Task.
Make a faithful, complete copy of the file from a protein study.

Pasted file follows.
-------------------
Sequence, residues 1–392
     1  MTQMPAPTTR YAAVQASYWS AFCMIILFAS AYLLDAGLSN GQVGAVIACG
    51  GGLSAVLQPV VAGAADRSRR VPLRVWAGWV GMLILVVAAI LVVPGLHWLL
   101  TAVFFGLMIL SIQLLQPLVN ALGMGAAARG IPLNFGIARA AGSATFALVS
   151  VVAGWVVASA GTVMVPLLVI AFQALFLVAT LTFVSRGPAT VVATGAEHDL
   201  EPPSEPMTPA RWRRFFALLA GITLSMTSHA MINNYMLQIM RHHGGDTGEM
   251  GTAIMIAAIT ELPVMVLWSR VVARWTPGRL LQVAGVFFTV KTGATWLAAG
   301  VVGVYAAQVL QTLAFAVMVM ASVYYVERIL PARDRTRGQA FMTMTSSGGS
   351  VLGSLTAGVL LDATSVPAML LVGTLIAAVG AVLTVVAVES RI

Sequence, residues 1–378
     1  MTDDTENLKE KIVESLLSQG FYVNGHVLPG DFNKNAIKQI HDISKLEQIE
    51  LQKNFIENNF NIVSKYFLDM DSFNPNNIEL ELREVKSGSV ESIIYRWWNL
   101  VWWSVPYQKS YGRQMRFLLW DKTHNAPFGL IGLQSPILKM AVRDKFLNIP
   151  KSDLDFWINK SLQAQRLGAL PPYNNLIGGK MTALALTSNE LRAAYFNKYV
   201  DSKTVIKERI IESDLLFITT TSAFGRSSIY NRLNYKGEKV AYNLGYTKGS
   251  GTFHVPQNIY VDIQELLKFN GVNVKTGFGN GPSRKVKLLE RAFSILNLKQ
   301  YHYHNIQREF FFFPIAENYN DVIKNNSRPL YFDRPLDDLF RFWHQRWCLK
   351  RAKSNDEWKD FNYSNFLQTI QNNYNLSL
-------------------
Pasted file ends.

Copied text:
Sequence, residues 1–392
     1  MTQMPAPTTR YAAVQASYWS AFCMIILFAS AYLLDAGLSN GQVGAVIACG
    51  GGLSAVLQPV VAGAADRSRR VPLRVWAGWV GMLILVVAAI LVVPGLHWLL
   101  TAVFFGLMIL SIQLLQPLVN ALGMGAAARG IPLNFGIARA AGSATFALVS
   151  VVAGWVVASA GTVMVPLLVI AFQALFLVAT LTFVSRGPAT VVATGAEHDL
   201  EPPSEPMTPA RWRRFFALLA GITLSMTSHA MINNYMLQIM RHHGGDTGEM
   251  GTAIMIAAIT ELPVMVLWSR VVARWTPGRL LQVAGVFFTV KTGATWLAAG
   301  VVGVYAAQVL QTLAFAVMVM ASVYYVERIL PARDRTRGQA FMTMTSSGGS
   351  VLGSLTAGVL LDATSVPAML LVGTLIAAVG AVLTVVAVES RI

Sequence, residues 1–378
     1  MTDDTENLKE KIVESLLSQG FYVNGHVLPG DFNKNAIKQI HDISKLEQIE
    51  LQKNFIENNF NIVSKYFLDM DSFNPNNIEL ELREVKSGSV ESIIYRWWNL
   101  VWWSVPYQKS YGRQMRFLLW DKTHNAPFGL IGLQSPILKM AVRDKFLNIP
   151  KSDLDFWINK SLQAQRLGAL PPYNNLIGGK MTALALTSNE LRAAYFNKYV
   201  DSKTVIKERI IESDLLFITT TSAFGRSSIY NRLNYKGEKV AYNLGYTKGS
   251  GTFHVPQNIY VDIQELLKFN GVNVKTGFGN GPSRKVKLLE RAFSILNLKQ
   301  YHYHNIQREF FFFPIAENYN DVIKNNSRPL YFDRPLDDLF RFWHQRWCLK
   351  RAKSNDEWKD FNYSNFLQTI QNNYNLSL